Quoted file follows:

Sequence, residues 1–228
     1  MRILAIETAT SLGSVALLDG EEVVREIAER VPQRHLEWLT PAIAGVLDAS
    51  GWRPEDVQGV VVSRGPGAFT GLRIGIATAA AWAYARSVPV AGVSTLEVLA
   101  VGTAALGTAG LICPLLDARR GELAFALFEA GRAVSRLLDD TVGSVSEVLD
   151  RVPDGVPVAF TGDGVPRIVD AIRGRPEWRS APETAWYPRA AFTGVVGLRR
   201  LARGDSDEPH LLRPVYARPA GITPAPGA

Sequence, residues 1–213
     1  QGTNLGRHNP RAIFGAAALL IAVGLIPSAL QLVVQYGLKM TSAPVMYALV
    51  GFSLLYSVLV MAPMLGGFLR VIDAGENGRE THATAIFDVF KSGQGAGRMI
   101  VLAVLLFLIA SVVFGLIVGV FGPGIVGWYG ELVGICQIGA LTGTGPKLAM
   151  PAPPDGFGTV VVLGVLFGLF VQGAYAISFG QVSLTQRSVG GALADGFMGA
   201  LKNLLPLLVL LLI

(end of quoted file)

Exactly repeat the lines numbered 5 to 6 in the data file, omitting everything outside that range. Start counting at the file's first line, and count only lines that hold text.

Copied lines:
   151  RVPDGVPVAF TGDGVPRIVD AIRGRPEWRS APETAWYPRA AFTGVVGLRR
   201  LARGDSDEPH LLRPVYARPA GITPAPGA